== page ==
Caribbean's biggest solar-plus-storage project in progress
- Swiss energy storage space firm Leclanché has begun on a US$ 70 million solar and storage space microgrid project in St Kitts and also Nevis.
The system will certainly consist of a 35.7 MW solar farm and a 14.8 MW lithium-ion battery power storage system (BESS), as well as will give state-owned utility St Kitts Electric Company (SKELEC) with approximately a third (30% -35%) of the island's energy supply. Leclanché asserts it will be the Caribbean's biggest solar-plus storage space project on conclusion, as well as will eliminate 41,500 metric tonnes of carbon emissions in its very first year.
Timothy Harris, Prime Minister of St Kitts and Nevis, stated the construct is a "considerable turning point" for the region, which will certainly assist the island to produce a more independent energy market and also lower reliance on fossil fuels.
The solar farm will certainly stand on obsolete agricultural land that had actually been utilized for sugar walking stick manufacturing near the capital Basseterre. Leclanché protected a 20-year lease on the land last year, and also SKELEC authorized a 20-year power acquisition agreement with the firm in exchange. Leclanché CEO Anil Srivastava stated at the time the develop "sends a solid signal to various other Caribbean countries ... that there is a cleaner, a lot more inexpensive and also feasible choice to diesel power."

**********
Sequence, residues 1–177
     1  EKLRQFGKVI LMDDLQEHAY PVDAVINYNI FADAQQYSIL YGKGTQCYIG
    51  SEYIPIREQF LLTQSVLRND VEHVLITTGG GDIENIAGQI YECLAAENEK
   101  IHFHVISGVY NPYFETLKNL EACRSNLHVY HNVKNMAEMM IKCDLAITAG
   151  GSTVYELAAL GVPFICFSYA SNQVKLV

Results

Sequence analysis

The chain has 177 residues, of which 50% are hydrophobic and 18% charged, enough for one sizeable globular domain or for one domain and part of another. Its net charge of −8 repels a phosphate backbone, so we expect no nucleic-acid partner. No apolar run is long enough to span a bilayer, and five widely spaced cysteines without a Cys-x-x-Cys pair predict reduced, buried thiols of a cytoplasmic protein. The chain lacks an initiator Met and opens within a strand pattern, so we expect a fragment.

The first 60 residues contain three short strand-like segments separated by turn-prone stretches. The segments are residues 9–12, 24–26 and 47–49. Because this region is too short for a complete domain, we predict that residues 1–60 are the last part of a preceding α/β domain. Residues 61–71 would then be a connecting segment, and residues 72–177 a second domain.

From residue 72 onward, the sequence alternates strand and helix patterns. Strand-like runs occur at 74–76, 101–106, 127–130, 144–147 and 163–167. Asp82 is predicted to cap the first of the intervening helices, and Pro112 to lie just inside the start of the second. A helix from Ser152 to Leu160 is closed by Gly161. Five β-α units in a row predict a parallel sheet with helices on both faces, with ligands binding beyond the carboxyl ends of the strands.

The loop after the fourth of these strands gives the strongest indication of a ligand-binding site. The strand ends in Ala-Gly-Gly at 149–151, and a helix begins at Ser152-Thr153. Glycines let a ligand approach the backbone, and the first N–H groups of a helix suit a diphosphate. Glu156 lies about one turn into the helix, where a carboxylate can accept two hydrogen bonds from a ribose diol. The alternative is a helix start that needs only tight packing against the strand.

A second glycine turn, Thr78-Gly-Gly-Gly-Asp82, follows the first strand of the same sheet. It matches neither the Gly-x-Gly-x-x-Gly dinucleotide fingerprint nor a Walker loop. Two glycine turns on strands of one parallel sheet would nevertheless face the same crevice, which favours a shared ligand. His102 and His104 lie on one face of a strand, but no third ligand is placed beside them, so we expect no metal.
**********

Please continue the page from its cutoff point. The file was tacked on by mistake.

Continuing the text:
The news comes specifically one year after a team of Caribbean and Latin American states, including the Dominican Republic and Haiti, committed to make sure an average 70% of installed power capability originates from eco-friendly sources by 2030.
" Today's groundbreaking marks a considerable milestone for our citizens, traveler economic situation, our wider organization community and undoubtedly the whole Caribbean region, in spite of the hold-ups caused by COVID-19," Harris said.
" This visionary project will certainly aid safeguard our energy independence, give long-lasting cost security and also lower our reliance on diesel fuel."